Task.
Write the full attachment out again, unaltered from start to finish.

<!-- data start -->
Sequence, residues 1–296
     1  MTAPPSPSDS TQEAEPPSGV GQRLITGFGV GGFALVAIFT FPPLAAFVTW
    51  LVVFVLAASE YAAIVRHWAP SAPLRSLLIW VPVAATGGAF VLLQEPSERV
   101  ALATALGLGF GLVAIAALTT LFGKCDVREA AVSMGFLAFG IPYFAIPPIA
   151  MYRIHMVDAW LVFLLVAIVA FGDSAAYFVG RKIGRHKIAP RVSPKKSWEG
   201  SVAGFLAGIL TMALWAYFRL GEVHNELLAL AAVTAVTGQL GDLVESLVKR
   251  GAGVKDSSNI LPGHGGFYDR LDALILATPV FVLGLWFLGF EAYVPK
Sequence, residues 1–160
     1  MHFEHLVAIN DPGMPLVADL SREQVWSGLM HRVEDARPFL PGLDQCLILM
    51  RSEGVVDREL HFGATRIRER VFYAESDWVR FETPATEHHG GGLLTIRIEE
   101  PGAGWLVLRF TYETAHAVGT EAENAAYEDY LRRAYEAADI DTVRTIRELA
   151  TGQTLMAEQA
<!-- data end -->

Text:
Sequence, residues 1–296
     1  MTAPPSPSDS TQEAEPPSGV GQRLITGFGV GGFALVAIFT FPPLAAFVTW
    51  LVVFVLAASE YAAIVRHWAP SAPLRSLLIW VPVAATGGAF VLLQEPSERV
   101  ALATALGLGF GLVAIAALTT LFGKCDVREA AVSMGFLAFG IPYFAIPPIA
   151  MYRIHMVDAW LVFLLVAIVA FGDSAAYFVG RKIGRHKIAP RVSPKKSWEG
   201  SVAGFLAGIL TMALWAYFRL GEVHNELLAL AAVTAVTGQL GDLVESLVKR
   251  GAGVKDSSNI LPGHGGFYDR LDALILATPV FVLGLWFLGF EAYVPK
Sequence, residues 1–160
     1  MHFEHLVAIN DPGMPLVADL SREQVWSGLM HRVEDARPFL PGLDQCLILM
    51  RSEGVVDREL HFGATRIRER VFYAESDWVR FETPATEHHG GGLLTIRIEE
   101  PGAGWLVLRF TYETAHAVGT EAENAAYEDY LRRAYEAADI DTVRTIRELA
   151  TGQTLMAEQA